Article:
An in-house solicitor who gave a ‘veneer of respectability’ to dubious property schemes has been struck off the roll.
The Solicitors Disciplinary Tribunal heard that Timothy Ackrel was one of a succession of ‘puppet directors’ used to conceal the beneficiaries of a scheme to sell apartment blocks in north west England. Foreign investors pumped in £16m in the expectation of a 10% annual return, but in fact proceeds from unit sales went to finance the purchase of other sites and fund luxurious lifestyles.
Ackrel, admitted in 2004, was involved with various companies marketing the property as head of legal or in-house solicitor, and paid £5,000 a month until around October 2015.
The schemes resulted in multi-million-pound losses and the creation of meritless legal charges required the intervention of a liquidator.
In his interview with liquidators, Ackrel stated he had handled the payments because he felt threatened and feared for his physical safety. He had later insisted he genuinely believed properties would be constructed and proceed to completion.
It was submitted by the Solicitors Regulation Authority that Ackrel was ‘under the thumb’ of those profiting from the investments. Prosecutors said he allowed payments to be used for other purposes and placed at risk the viability of the development and the investors’ funds. He was involved in at least three schemes, each one marketed to substantial numbers of investors who injected several million pounds. The SRA said Ackrel provided day-to-day legal services to facilitate the schemes' operation.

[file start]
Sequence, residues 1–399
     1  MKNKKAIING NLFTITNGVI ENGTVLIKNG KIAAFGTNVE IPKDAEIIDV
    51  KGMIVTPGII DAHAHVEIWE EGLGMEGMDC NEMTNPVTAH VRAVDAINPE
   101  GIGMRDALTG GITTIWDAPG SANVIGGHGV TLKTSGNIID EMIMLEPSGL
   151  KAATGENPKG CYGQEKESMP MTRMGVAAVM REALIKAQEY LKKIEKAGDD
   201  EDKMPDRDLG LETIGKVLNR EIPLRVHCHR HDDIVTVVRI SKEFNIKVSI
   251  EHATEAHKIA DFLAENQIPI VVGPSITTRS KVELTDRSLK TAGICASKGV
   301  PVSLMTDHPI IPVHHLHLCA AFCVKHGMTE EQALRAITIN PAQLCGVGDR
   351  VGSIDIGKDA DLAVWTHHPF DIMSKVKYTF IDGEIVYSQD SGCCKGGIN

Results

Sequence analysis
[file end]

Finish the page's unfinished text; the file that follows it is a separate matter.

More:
The tribunal set out that Ackrel had made many of the payments to third parties. To claim he did this under duress, there would have to be evidence of an immediate threat of death or serious bodily injury, as well as evidence that no reasonable alternative was available.
In this case, the tribunal found there was no evidence of any threat whatsoever, and over the three years this scheme continued there was ‘ample opportunity for [him] to alert the authorities and to remove himself from the threatening situation’.
The tribunal added that Ackrel knew the schemes were, at the very least, increasingly risky, and in reality were a sham. Ackrel was ‘entirely complicit’ in allowing the schemes to continue and gave them a ‘veneer of respectability’.
The tribunal found Ackrel’s misconduct had involved repeated acts of dishonesty and examples of a lack of integrity, with investors misled, false documents created and anti-money laundering legislation disregarded. Ackrel was ordered to pay £41,325 in costs.